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AEC 2012 - Impact of Human Capital Endowments on Inequality of Outcomes in Cameroon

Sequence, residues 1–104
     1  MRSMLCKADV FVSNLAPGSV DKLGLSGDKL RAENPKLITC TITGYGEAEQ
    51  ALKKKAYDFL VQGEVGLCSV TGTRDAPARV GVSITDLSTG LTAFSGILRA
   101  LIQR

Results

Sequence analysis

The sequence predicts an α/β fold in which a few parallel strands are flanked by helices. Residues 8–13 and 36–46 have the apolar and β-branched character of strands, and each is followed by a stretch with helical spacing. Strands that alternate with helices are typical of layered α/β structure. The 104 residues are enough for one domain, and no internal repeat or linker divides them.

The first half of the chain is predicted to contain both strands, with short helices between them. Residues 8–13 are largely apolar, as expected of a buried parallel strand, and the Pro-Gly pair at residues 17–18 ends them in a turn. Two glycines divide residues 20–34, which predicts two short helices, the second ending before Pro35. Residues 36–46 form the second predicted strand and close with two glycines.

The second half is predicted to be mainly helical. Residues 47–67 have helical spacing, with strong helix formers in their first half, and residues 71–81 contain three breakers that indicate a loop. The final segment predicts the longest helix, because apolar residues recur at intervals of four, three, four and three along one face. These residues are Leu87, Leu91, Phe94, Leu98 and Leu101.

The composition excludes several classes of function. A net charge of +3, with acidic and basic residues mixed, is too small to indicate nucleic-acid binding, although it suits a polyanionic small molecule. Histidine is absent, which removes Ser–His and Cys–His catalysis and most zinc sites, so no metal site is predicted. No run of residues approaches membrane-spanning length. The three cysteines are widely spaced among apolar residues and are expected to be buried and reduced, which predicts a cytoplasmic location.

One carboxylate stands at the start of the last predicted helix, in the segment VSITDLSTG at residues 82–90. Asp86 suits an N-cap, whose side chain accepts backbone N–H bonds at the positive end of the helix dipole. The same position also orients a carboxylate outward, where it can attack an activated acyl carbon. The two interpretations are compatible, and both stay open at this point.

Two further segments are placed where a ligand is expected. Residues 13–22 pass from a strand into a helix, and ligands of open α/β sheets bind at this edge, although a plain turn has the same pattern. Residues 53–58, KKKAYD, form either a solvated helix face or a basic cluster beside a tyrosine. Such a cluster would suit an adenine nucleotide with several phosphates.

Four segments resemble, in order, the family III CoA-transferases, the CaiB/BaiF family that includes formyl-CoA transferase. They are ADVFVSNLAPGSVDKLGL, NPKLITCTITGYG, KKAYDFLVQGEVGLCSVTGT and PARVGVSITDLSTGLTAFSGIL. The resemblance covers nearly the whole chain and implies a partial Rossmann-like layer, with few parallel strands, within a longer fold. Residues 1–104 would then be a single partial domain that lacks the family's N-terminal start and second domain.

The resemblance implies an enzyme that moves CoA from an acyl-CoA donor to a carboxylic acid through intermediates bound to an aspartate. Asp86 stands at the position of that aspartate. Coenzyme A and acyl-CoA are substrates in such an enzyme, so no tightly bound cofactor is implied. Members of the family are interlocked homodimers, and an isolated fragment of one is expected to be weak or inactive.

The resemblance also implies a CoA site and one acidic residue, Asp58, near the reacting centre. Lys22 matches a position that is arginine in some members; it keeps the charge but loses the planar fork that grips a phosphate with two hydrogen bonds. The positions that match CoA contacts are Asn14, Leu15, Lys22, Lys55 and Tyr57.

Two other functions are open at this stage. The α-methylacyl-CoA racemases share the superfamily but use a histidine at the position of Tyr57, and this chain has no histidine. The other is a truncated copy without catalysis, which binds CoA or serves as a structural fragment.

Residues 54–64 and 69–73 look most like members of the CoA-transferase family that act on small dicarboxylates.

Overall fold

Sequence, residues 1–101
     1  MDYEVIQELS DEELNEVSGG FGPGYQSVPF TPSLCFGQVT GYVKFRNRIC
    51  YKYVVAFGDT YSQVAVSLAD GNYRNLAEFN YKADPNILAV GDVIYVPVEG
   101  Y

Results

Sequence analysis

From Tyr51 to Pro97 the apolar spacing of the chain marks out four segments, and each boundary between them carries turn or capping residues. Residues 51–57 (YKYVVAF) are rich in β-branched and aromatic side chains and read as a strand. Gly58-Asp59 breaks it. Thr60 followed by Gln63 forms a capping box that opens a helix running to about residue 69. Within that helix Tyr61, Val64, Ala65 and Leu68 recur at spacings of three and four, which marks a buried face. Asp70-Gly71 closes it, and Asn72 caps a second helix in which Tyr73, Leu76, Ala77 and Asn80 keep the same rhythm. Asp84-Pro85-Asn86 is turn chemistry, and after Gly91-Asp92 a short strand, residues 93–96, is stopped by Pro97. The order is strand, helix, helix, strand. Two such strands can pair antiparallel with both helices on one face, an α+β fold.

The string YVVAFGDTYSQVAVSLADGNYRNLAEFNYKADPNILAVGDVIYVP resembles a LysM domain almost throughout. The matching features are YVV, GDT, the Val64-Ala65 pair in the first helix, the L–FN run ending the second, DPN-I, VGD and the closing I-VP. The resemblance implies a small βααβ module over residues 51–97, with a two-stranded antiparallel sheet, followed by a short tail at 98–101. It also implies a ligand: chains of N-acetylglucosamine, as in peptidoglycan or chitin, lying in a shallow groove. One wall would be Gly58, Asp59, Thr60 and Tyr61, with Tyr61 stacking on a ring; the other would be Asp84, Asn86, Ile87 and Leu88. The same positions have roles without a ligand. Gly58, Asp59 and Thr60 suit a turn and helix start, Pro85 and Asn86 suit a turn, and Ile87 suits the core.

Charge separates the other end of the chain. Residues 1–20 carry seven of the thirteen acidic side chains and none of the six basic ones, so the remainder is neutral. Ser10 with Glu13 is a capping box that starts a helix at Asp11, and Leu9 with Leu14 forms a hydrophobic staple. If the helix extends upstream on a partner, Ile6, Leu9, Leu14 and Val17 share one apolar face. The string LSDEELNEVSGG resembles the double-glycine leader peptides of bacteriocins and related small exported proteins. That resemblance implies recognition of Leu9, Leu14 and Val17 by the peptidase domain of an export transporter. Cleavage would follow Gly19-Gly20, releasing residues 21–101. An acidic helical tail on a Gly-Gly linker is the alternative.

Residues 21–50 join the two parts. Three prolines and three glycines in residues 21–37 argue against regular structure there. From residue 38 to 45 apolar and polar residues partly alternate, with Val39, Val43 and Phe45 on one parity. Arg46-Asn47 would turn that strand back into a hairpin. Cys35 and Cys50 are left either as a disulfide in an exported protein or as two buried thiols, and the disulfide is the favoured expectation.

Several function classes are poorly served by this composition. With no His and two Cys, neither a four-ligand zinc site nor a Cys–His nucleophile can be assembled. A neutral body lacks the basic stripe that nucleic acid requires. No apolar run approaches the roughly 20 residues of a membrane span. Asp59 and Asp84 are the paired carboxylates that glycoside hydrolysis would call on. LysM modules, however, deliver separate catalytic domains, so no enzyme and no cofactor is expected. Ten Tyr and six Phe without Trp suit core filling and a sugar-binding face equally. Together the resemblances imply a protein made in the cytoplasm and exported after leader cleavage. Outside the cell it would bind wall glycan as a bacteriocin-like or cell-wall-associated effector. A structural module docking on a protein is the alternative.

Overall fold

This paper sets out to evaluate the impact of human capital endowments on measured inequality using the 2007 Cameroon household consumption survey. In particular, the paper (1) estimates determinants of household economic well-being using the control function econometric approach in which human capital endowments are considered as endogenous effort-related regressors, while controlling for exogenous circumstance-related variables; (2) simulates alternative counterfactual distributions of household economic well-being: one in which human capital endowments are equalized; and the other in which variations are entirely attributable to the unobservable terms, and (3) compares inequality in the factual distribution of household wellbeing with inequality in each of the simulated distributions. The results show that human capital endowments (education and health) correlate positively and significantly with household economic well-being. Direct and indirect exogenous opportunity-inducing circumstances are inequality-augmenting, whereas human capital endowments are inequality-reducing. Education and health interventions would, therefore, be primordial in driving well-being and mitigating inequality. Thus, leveling the playing ground for individuals to have equitable exposure to health, education, professional training and labour market participation irrespective of gender or region of origin is required for a low-income country like Cameroon to enhance equity and sustainable household economic growth.